Thinking about Plastic or Reconstructive Surgery?
With the recent surge in television shows such as "Extreme Makeover" and "Drastic Plastic," it should come as no surprise that plastic surgery is a common occurrence in America today. In fact, according to a recent survey by the American Society for Aesthetic Plastic Surgery (ASAPS), there were nearly two million cosmetic surgical procedures performed in 2003 alone. This is an 87 percent increase since 1997.
Unfortunately, however, the rise in surgical cosmetic procedures has also caused a rise in the number of plastic surgeries gone wrong. As more middle-class Americans seek elective surgeries not usually covered by medical insurance, more and more clinics offer "bargain" prices that may include sub-par care. Additionally, as the plastic surgery business becomes more lucrative, many doctors not certified by the American Board of Plastic Surgery (ABPS) have begun practicing. With all of these confusing twists and turns, how can a patient learn to navigate the road to a safe and effective cosmetic procedure for a reasonable price?
How to Make Your Plastic Surgery a Success
Before even entering a doctor's office, you need to learn how to make your plastic surgery a success. The first step should, obviously, be to decide what procedures you are interested in having done. Be realistic in this goal. There is no such thing as a "perfect body," and though the thought of having multiple procedures at once might seem appealing, remember that it can also be dangerous, painful, and quite costly. During this initial step, the Internet can be your best friend. Use it to research the possible side effects of various procedures and to read both the success and disaster stories of various other people who have had this done. If possible, you might also want to consider consulting acquaintances who are personally familiar with the procedure.
Only after you are completely comfortable with your list of desired procedures should you begin searching for a surgeon. The most important quality in a surgeon is whether or not they are certified by the American Board of Plastic Surgery (ABPS). This is highly important: Any doctor can legally practice cosmetic surgery in the United States, even without special training. However, those that are board certified have received special training and are more likely to do a nice job. While searching for a surgeon, keep in mind that he/she should make you feel comfortable and should be up-front and honest about the results you can expect, the possible dangers, the price, etc. Additionally, there is nothing wrong with getting several opinions before making a final decision. Finally, remember that surgery, though often not covered by insurance, is not something for which you want to "bargain shop." Your health and life, as well as your looks, are in the hands of your surgeon, so you want to make sure you are picking a good one.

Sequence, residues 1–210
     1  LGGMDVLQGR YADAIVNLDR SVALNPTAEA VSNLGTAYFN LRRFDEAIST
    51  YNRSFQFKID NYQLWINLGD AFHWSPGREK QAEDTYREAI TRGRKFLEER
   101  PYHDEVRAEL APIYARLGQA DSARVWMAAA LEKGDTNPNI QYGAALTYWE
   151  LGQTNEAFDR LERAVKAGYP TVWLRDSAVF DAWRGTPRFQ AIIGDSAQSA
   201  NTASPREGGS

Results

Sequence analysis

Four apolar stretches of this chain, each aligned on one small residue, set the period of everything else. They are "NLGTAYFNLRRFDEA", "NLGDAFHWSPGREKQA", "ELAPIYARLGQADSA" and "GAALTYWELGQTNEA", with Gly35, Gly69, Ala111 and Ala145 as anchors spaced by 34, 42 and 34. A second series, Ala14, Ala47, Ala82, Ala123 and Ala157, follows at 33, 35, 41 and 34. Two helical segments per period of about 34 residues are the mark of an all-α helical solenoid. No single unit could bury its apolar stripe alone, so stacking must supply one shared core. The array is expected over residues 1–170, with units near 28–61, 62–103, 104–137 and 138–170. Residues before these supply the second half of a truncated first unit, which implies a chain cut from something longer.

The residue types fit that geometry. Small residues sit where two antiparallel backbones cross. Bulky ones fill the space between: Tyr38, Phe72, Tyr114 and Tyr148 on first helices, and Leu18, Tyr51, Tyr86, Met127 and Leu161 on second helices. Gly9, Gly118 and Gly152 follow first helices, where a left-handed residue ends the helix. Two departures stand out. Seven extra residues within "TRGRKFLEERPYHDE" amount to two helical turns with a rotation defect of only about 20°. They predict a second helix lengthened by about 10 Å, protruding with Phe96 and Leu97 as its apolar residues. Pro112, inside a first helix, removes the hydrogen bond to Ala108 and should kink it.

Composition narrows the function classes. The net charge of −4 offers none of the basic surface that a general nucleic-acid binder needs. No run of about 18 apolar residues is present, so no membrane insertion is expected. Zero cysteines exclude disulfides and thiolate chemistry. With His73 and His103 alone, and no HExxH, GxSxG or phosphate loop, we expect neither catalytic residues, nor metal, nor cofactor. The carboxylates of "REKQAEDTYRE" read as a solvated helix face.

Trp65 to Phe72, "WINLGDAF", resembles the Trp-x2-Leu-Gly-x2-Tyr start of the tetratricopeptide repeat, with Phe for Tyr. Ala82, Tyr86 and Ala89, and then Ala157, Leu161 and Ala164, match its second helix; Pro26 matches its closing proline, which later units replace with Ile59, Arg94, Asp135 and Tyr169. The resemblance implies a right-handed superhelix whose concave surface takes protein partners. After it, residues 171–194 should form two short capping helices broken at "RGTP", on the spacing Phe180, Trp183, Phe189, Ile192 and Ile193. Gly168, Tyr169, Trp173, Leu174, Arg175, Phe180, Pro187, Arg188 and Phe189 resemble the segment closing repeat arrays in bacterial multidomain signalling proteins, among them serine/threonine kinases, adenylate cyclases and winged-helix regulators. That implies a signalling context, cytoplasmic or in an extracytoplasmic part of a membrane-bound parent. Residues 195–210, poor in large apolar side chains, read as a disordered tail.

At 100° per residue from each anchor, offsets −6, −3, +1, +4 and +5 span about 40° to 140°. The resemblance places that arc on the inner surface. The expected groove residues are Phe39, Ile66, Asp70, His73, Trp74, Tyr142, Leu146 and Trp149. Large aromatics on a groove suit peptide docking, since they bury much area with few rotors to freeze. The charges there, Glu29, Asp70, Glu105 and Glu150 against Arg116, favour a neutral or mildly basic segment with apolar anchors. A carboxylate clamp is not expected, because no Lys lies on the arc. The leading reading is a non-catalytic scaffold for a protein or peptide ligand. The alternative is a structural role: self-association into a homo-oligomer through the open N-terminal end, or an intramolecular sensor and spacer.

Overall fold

There is a ton of information out there. Take advantage of it. The best defense against being mislead, persuaded, or pressured into a medical mistake is knowledge. When you are equipped with the facts, you can be confident that you are making the right medical decisions. Therefore, with a little research and patience, you can be on your way to a better physical appearance in no time. Good luck!